Classification: Straight Rye
Release Date: Ongoing
Mashbill: 95% Rye, 5% Malted Barley
MSRP: $40 (2021)
Bulleit introduced 95 Rye Frontier Whiskey as a permanent line extension in 2011. Despite being produced by MGP Ingredients, Bulleit has a unique agreement with the company for them to produce the rye whiskey from their proprietary specifications. Bulliet has control over barrel maturation which is done at MGP and at Bulleit’s own warehouses. The oft used “95” in the name refers to the 95% rye in its mashbill, which at the time of its unveiling, was less common to see a rye whiskey in the U.S. with such high rye content in its mashbill.
Strawberry cream, dill, pine, and fresh muddled mint are soft and quite gentle with a peppery pop that follows. The nose features little in the way of surprises, yet the scents work well and their overall intensity will be quite pleasing to most. A touch of oak and additional sweetness further helps round out the aroma. Despite being largely straightforward, the nose is bright, lively, and very satisfying.
A pop of orange peel, followed by green tea, graham cracker, and minty pine open the palate with a bit of excitement. Mild molasses, brown sugar, and slight rye spice follow, providing necessary contrast. Much like the nose, the flavor profile borders on traditional, but finds a way to impress the more time you spend with it.
Oak ramps up in the finish, creating a dry aftertaste. The flavors from the palate drop off rather quickly and aren’t replaced but anything superior. A touch of leather, mild spice, and pepper linger, creating a tasting experience more in line with what you’d expect from a rye. Straightforward yet again, but this time it's more of a drawback compared to the rest of the sip, as the finish’s flavors just don’t have enough to offer to counter it.
Bulleit 95 Rye hit the market just before rye began to take off, and as a result for many rye drinkers and bartenders, it has become their de facto rye. Generally unassuming, it appears to go out of its way to be inoffensive, offering a flavor profile that is lighter, brighter, and sweeter than many other ryes in its price range.
Interestingly, the more time you spend with it, the whiskey sheds some of its straightforwardness, and reveals aspects that make it stand out from the pack. Its orange peel, green tea, graham cracker, and minty pine flavor profile becomes more pronounced and quite appetizing. At no time is it overly complex, but drinking against Tin Cup Rye, Rittenhouse Rye, Jack Daniel’s Tennessee Rye, it ended up standing out. It probably won’t become my go-to rye, but I could definitely see it offering just enough to make it many other people’s everyday rye.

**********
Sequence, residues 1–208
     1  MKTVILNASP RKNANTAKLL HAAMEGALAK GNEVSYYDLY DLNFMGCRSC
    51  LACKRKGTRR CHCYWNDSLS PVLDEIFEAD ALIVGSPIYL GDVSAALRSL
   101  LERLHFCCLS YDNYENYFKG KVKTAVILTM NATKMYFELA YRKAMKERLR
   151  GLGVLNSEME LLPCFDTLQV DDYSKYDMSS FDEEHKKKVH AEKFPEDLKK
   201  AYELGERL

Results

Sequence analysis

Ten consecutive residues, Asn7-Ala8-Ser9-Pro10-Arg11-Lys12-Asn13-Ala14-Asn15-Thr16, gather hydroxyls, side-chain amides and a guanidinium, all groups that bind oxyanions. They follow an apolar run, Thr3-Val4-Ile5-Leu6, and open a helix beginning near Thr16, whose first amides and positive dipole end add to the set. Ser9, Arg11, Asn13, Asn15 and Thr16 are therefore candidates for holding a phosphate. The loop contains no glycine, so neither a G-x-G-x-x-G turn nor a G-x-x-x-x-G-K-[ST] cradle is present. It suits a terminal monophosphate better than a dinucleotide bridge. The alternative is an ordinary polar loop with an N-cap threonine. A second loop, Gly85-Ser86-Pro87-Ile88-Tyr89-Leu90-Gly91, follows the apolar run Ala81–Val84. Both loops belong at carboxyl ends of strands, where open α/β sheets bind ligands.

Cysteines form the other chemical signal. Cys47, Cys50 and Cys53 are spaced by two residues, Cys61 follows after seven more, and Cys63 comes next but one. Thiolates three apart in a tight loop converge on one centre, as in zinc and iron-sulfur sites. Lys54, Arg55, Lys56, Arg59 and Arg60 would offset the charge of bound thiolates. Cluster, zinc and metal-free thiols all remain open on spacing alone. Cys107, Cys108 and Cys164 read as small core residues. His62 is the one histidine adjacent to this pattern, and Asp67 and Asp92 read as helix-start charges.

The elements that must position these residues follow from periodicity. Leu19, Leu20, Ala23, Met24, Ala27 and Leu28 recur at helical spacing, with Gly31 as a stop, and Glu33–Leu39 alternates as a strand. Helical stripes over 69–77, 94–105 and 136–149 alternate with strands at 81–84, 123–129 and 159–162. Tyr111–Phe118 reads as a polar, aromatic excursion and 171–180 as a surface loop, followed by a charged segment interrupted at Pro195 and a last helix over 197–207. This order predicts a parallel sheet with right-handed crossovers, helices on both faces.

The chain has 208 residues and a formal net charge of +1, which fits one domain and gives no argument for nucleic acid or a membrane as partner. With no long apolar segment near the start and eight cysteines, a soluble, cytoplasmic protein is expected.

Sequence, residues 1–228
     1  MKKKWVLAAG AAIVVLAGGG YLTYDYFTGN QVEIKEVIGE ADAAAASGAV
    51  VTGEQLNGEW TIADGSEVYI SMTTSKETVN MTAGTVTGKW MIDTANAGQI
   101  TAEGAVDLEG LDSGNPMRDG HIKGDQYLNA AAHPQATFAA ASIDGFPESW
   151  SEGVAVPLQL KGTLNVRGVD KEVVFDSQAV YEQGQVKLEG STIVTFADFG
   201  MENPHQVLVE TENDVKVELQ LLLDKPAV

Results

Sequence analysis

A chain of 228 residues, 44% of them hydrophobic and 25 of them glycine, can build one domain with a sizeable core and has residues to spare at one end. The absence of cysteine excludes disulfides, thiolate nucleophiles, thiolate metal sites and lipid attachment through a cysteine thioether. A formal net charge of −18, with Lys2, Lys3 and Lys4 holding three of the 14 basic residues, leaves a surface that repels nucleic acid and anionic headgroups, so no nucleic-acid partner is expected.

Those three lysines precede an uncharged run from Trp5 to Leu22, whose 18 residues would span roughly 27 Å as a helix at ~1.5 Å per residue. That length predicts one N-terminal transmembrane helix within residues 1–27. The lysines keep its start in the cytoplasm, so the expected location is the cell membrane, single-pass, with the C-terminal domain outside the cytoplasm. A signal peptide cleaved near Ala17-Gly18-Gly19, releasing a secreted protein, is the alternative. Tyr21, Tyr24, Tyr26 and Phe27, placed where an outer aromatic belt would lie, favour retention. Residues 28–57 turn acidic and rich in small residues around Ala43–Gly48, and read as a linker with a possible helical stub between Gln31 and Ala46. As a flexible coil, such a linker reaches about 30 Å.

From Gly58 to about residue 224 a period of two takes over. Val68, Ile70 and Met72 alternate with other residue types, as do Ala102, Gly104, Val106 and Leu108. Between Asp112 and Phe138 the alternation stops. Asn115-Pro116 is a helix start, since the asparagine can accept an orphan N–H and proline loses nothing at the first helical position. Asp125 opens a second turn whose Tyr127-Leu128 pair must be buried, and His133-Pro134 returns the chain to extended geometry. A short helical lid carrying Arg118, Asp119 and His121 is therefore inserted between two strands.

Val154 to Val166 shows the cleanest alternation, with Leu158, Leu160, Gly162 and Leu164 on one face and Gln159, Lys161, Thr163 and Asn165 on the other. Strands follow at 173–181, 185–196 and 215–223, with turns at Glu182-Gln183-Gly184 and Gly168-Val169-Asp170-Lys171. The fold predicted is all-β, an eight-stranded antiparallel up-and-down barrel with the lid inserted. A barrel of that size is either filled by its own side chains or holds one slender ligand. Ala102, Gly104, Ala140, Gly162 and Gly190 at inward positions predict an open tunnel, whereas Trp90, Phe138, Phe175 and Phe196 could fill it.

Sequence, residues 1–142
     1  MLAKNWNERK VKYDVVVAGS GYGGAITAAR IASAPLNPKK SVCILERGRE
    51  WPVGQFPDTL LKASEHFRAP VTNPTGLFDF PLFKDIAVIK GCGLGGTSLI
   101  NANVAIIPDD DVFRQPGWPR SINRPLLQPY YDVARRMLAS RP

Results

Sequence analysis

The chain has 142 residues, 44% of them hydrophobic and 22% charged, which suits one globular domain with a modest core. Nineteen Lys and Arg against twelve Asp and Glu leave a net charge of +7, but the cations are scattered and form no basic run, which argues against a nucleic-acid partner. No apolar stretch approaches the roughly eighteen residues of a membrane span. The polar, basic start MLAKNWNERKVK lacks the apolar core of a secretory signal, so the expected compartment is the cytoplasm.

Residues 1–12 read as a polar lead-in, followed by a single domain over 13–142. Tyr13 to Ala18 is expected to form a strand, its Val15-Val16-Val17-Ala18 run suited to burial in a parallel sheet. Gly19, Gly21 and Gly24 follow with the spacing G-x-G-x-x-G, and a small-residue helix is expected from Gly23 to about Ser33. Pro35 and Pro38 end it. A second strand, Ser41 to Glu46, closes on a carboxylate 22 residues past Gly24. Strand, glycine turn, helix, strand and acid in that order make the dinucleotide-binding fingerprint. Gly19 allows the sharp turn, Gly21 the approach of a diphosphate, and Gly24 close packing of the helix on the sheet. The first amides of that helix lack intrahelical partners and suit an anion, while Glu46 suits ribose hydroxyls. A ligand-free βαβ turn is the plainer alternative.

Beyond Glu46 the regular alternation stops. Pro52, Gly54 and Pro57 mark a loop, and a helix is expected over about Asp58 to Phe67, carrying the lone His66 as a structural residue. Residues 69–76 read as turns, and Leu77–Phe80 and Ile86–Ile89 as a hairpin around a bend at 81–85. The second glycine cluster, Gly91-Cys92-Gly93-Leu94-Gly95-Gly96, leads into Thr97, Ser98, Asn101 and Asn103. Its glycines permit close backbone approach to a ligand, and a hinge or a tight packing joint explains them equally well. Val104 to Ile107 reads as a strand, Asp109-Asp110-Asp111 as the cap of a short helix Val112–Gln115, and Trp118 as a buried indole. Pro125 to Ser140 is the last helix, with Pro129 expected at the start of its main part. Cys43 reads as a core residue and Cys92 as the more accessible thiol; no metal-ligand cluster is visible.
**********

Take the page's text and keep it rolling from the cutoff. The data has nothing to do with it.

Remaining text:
In the under $50 range, it's hard to have lofty expectations that the rye you’re purchasing is going to overly impress you. But that’s not to say these “value” ryes don’t have anything to offer either. Priced on the high side of many value ryes under $50, Bulleit 95 Rye borders on whether it wants to be a sipping rye or a premium mixing rye. The problem is it comes up short in both categories. It lacks necessary complexity to be a true contender as a sipping rye, and lacks true boldness as a mixing rye. With its deficiency of bold spice and fruit notes, it doesn’t quite have the gusto it needs as a mixing rye. I don’t doubt an amazing cocktail could be created specifically to take advantage of its standout traits, but that can be rather limiting. That said, while the rye does not excel in either category, it manages to dabble in both well enough, offering enough versatility at a fair price.
As one of the forebears of the modern rye scene, Bulleit 95 Rye has a degree of been-there-done-that vibe, it’s a straightforward rye with moments of excitement at a fair price.
It’s hard to get overly excited about Bulleit 95 Rye nowadays. As a staple in most stores and bars, it's always available if you want it, which leads to people either always having it, or completely ignoring it. As a sourced product from MGP, it's hard to blame someone for feeling that way. Yet, closer inspection reveals the whiskey’s virtues. Having a unique relationship with MGP allows Bulleit to create a more bespoke rye product from the company. It most likely won’t overly impress anyone, but there’s a chance it may surprise them, especially given the amount of rye whiskey on the market (many of which comes from MGP). Bulleit 95 Rye might not excel at anything it does, but what it does, it does just good enough.